Monday, April 2, 2012

A Call For... A Society for Young Christian Contemplatives


  • Creating a compassionate and reflective ecumenical community of Christians in their 20′s, 30′s, and 40′s who are interested in carrying the sacred ancient traditions of Christian Contemplation/Mysticism forward into the next generations of Christians.
  • By engaging with our inner contemplatives today, we will be able to gift the tradition of sacred space and communion with God to ourselves, as young people, and to future young people. The tradition was once lost for 400 years–we can be the caretakers of our communal Christian Contemplative Traditions (or lose it again).
  • Willingness to become educated on the Christian Communal histories of contemplation, mystic traditions, contemplative advocates, and texts (Teresa of Avila, John of the Cross, Therese of Liseux, Catherine of Siene, Julian of Norwich, Francis of Assisi and others).
  • Willingness to learn of the contemporary contemplatives in our midst and learn the traditions they have carried into the present time: Thomas Keating, Richard Rohr, Cynthia Bourgeault, Tessa Bielecki, and others.
  • Be able to be a voice, advocate, and practitioner for the contemplative practices of the Christian tradition: Spiritual Exercises of St Ignatius, Rooms of the Interior Castle, Centering Prayer, Lectio Divina, and others.
  • Openness of mind, body, and soul to work on personal contemplation in daily life–a practice of silent prayer. This can be as varied as 20 minutes of Centering Prayer, an imagery of God or Jesus, or any contemplative activity that brings one closer to internal and external silence. I have one friend, agnostic herself, for whom her contemplative prayer is found in a sunrise at the beach and a swim in the ocean.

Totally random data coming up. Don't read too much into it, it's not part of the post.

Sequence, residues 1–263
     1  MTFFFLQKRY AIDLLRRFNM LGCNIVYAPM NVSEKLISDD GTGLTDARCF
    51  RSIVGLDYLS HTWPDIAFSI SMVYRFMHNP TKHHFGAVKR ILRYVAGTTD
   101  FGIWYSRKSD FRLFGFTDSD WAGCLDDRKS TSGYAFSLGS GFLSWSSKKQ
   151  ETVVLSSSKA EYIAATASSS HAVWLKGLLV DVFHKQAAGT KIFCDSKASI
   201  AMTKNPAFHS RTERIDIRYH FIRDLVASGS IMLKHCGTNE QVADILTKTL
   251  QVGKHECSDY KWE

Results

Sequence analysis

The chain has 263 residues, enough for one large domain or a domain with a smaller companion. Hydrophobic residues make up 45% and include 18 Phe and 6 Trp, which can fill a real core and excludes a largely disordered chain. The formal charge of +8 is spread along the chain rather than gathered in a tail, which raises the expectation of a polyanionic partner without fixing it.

• Twenty-something, thirty-something, and early forty-something Christian.
  • Eagerness to live in the world but not be fully of the world around you.
  • Ability to manage the paradoxes in faith: being both contemplative and action-oriented in living your faith.
  • Capacity to dialogue with other faith traditions from a place of listening and as a learner–both grounded in your own “faith of origin” while able to see how learning more about the global faith traditions can make you a more adept and compassionate Christian.
  • Willingness to enter into silence with God, even when it’s uncomfortable, because it will always be somewhat uncomfortable.
  • Having an open mind, open heart, open soul to listen and make space for the voice of “God-in-us”.

**Honorary Member slots for persons of other faiths or no faith willing to learn this tradition of faith and share your own journey in or out of faith.**

WE can carry the contemplative tradition into this post-modern world full of “white noise” and chaos, or it can be lost again, cast away like a relic rather than a living experience of God.

This is my call into the virtual plains and hills for a SOCIETY OF YOUNG CHRISTIAN CONTEMPLATIVES. People who have a personal practice of contemplation or those who are interested in starting one. Young voices willing to carry contemplation forward into a world of (as one author put it so succinctly) our “ancient-future” faith.

I am looking for your voices, your willingness, your openness to sacred silence! Anyone out there on the journey already? Anyone way to be? Anyone want a community to share in this pilgrimage of the soul? Anyone who can hold the tension of action and contemplation, of ancient and future faith, of activism and stillness? Anyone as excited as me at the prospect?

I am a total contemplative nerd. I will admit it. I can say that my passion comes from the richness of my own internal pilgrimage with the aid of Christian Contemplative practice. I learned many traditions along my journey and found my home back in my “faith of origin” and Christian prayer of union with God. I have seen what silence, in many forms, has done to repair pain, trauma, and hollowness in people both in secular and faith communities.

Time and again the call in silence, “Be still and know that I am God,” (Psalms, 46:10) has brought sacred silence into the heart of so many. I pray and hope only to share that sacred gift, and the community of the shared gift, with whoever is willing or able to make the journey.


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